Do you still keep paper records? Sometimes it’s more cost-effective to keep them. Chances are, if you have a lot of paper records, you’ve got a really great system for archival and retrieval.
But regardless of whether your paper situation is fully under control (or if it’s gotten way out of hand) simply scanning documents with the nearest scanner isn’t all that helpful. In addition, scanning adds risks.
Risks of Document Scanning:
- Where will the scanned documents be stored?
- How do I know if I got them all?
- How will I find my records?
- How can I secure sensitive data?
- It's more work to search through my computer than to just go find the paper file!
- And what happens if I lose the data?
The list goes on and on.
That’s why we created something new. We call it desktop OCR document scanning, and it's the result of being in the document business for over 30 years.
Desktop OCR Scanning vs Simple Document Scanning
When documents are scanned, they’re typically saved in PDF format. PDF is great because it works on any computer without expensive software. And today’s scanners also include optical character recognition (OCR) software that makes your documents searchable.
Document scanning is great for reproducing paper in digital format, but it doesn’t solve your deeper problems (and sure doesn't help with formats like microform).
It doesn’t make content easier to find, organize, or secure. In fact, it adds complexity and risk of losing important information.
Document scanning with desktop OCR software is the safe and smart alternative to traditional document scanning.
More Differences Between Desktop OCR Scanning and Traditional Scanning
To understand the difference between desktop OCR scanning and traditional document scanning, think about the last time you saw a web page or article in a language you didn’t know.
You could see the content just fine, and recognize the letters, but the content didn’t have any meaning to you. So when you scan documents without creating an awareness of the content, it’s the same thing.
Your information systems have no clue what’s there. And it makes sense.
There’s all kinds of different documents you work with. It's not thousands of copies of the same form.
How’s a computer to know what’s what?
If you could make a digital copy of your paper records, interpret the data that’s on them, and move that exact data into your information systems, wouldn’t that be infinitely better?
Desktop OCR Scanning Technology is the Intelligent Choice
Intelligent OCR processing software not only reads your documents, but understands the content and moves specific information into your information systems along with a human-readable PDF image.
It’s like going back in time and capturing everything in a software application instead of just on paper.
Desktop OCR scanning is the singular solution to eliminate both fear of digitizing records and cost of manual data entry (because, let's face it - you could hand-key everything!).
Document scanning services also exist to take away the headaches of document scanning.
How Does Desktop OCR Scanning Work?
The first step in getting software to read like a human is converting documents to a machine-readable version. Humans understand the intent of a document just by looking at it.
Tables, cells, the structure of the document, and labels tell us everything we need to know. But software can’t read documents so easily.
The best attempt so far at getting machines to read documents has been with OCR software. And it doesn’t work all that great on paper documents. It tries to interpret everything on a document as a letter or number.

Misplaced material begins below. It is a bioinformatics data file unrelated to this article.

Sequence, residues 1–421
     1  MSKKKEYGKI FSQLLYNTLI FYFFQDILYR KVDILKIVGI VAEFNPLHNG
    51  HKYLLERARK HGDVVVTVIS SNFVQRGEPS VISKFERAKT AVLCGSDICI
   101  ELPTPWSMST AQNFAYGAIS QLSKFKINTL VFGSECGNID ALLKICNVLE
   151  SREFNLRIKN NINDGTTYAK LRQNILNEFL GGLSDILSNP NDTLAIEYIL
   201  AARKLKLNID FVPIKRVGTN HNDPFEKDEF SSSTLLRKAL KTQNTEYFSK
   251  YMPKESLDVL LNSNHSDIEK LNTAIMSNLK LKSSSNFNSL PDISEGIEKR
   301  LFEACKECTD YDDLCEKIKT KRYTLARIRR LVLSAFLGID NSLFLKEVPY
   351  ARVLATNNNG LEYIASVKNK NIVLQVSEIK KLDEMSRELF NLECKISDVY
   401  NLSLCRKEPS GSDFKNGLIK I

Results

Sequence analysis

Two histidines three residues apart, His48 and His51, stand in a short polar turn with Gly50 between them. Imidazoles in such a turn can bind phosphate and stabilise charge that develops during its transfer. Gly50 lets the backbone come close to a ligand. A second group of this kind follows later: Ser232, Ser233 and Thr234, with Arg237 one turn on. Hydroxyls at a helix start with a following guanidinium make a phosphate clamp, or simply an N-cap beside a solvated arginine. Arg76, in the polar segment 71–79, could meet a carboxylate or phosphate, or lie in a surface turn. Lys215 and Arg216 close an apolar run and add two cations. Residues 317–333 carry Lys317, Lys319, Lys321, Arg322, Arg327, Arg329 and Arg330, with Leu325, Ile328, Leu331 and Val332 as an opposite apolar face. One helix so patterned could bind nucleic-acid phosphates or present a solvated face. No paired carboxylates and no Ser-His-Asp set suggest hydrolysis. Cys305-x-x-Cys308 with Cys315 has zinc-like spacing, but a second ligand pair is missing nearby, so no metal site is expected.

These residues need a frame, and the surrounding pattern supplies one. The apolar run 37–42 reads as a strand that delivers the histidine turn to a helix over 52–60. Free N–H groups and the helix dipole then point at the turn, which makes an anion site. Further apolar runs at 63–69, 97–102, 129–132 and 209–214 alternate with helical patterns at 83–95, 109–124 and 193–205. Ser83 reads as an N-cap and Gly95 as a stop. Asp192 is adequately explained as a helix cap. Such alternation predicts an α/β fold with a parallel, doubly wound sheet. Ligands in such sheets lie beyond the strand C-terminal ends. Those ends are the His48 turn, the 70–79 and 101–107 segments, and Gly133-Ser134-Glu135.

For example, the letter “I” is easily confused with a 1, or an l or L or an i. And when OCR sees lines or other non-text marks on a document, the results are ugly. You can’t trust this data or make business decision on it.
Check out this article which does a nice job showing real-life struggles on a simple receipt.
Making it a Simpler Job for Great Scanning Results
In order to create a machine-readable version of a document, everything must be removed that isn’t text.
Then, the important elements that make up the structure of the document must be added back in because they provide the context for how the software will interpret text on the page.
This part of the process is simple, as the software will:
- Remove everything that isn’t text
- Read the text
- Then add back in the document structure and interpret the meaning of the text
And to do a really good job of reading the text, the machine will need to use multiple OCR tools (we call them engines). One OCR engine might be better with handwriting, while another is better at reading those odd fonts on checks.
Now the software knows what’s on the page and the meaning of specific data elements like dates, numbers, quantities, line items, addresses, checkboxes, etc.
Your job is to tell the machine how you want to integrate the data within your information system(s). Easy!
Can I Trust the Scanned Data?
You have to be able to trust the data. To assure high quality data is entered into your information system, the software performs validations like financial and date calculations, and flags any discrepancies for human review.
Additionally, your existing databases can also be used to validate known information like account / case / matter numbers, names, and any other specific index.
How Do I Use All of this Extra Data?
You choose how to integrate document data and where it goes. But the possibilities to improve your organization (and decrease costs / increase profits) are numerous:
- Merge information into existing databases
- Scrub confidential data
- Create multiple versions of PDF documents (maybe you need the original and also one with redacted info),
- Create spreadsheets
- Sync to a document repository